This summer I tackled two very contentious topics in Cold War history: the El Salvador Civil War and the Vietnam War. For lack of a better term, I dove headfirst into the madness of both wars. While I was researching these conflicts, I was also surveying the Protest Voices series in the Cleveland Regional Oral History Collection. Therefore, my research involved unearthing historical truths concerning each part of the world and their ties to communism, class struggle, Cold War politics, nationalism, Russian influence, the Catholic Church, the Red Scare, and geopolitics. I must say, it was a very daunting task.
After reviewing countless sources, I arrived at some conclusions.
- This country, prior to 1979, was over twenty years into a bitter conflict between anti-government groups and their violent suppressors. Peaceful transitions of power were exceptionally rare in El Salvador, and many different groups were vying for short-term ownership of the government (1).
- With the fall of Nicaragua to communism in 1979, the United States watched with very nervous eyes on the rising political tension and growth of communist groups in El Salvador.
- The United States viewed El Salvador in a way similar to Vietnam as the linchpin holding back communism in its respective area (2).
- Changes in presidency from Carter to Reagan brought changes in the United States’ policy towards El Salvador: the former viewed as a more human rights based, while Reagan held a firmer opposition to communism (with some exceptions obviously, such as George H.W. Bush’s visit to the country in 1983) (3).
- Technically, communism was on the rise in El Salvador during the civil war, but it was not linked to Russia except for one group of the Farabundo Marti Liberation Front (FMLN), and they were the least militant at the start of the war. However, rather than fighting to link up with Russia and the Iron Curtain, the FMLN desired an end to corrupt government rule (4).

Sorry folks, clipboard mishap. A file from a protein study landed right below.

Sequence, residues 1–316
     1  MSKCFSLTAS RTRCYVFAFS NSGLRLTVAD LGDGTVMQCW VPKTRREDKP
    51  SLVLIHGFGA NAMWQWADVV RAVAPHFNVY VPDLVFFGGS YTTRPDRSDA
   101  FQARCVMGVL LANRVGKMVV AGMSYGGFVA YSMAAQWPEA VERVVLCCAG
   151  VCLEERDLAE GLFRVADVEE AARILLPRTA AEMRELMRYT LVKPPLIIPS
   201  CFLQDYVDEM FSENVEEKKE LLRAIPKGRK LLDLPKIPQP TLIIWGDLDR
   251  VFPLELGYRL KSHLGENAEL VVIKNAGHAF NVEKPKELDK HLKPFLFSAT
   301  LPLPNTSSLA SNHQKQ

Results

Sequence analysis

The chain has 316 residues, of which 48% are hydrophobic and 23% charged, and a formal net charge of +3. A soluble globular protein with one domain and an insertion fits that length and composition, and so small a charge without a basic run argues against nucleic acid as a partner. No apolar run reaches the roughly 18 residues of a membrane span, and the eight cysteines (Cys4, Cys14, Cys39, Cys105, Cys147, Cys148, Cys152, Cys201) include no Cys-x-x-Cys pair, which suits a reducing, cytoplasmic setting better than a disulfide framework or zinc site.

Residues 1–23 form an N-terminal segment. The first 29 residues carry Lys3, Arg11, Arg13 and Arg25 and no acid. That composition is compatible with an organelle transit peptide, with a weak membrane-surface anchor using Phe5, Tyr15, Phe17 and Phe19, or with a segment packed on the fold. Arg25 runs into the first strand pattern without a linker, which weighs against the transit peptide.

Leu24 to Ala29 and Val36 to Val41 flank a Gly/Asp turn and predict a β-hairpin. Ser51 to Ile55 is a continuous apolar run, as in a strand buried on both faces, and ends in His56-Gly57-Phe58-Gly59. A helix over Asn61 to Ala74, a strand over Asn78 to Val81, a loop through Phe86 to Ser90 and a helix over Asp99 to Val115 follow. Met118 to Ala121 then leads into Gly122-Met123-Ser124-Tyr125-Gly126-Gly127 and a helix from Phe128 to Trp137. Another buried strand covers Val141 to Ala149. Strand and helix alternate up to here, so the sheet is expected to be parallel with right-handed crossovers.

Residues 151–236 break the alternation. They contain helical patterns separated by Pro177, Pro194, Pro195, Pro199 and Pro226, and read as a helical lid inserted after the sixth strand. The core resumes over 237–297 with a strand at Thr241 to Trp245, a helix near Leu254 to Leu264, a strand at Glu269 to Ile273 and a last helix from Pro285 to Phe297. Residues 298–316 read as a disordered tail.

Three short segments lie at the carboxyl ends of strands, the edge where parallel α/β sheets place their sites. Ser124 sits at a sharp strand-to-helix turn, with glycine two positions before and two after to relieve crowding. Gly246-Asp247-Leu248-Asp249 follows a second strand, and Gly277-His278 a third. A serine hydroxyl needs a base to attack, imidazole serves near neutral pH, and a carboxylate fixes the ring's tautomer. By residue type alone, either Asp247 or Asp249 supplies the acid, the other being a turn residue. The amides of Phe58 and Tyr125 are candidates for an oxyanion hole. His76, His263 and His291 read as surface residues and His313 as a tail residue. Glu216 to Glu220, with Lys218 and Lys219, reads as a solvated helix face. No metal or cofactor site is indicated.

- Most complex of all were the interactions between the combating forces (government or FMLN) and the non-combating groups such as international aid workers, the missionaries from the Catholic Church, and the common Salvadoran people. It was not uncommon for any of these groups to fall under the accusation of being a communist, and the cost was often one’s life (5).
- There a few conflicting viewpoints when it comes to this war: it was to fight the spread of communism, it was a war of imperialism imposed by the United States after the French had left, or it was a war where the United States fought to improve the war-battered economy of France and Europe as a whole by helping them maintain control of Indochina (6). The last point is a bit conflated and spans the first decade of the United States’ indirect military involvement.
- Both countries have a hard time coming to terms with the war. Popular Vietnamese accounts of “The American War” are largely one-sided because of the government’s influence on shaping the narrative as one bent on Vietnamese nationalism and unification after imperialism (7). Very little if anything is said about North Vietnamese protesters or opposition to communism (8). The United States’ interpretation is either slightly more nuanced or repressed. A large part of both of these phenomena is the plethora of anti-war protest the U.S. experienced during the Vietnam War. As Ken Burns pointed out, the Vietnam War is not an easy subject to discuss among Americans (9).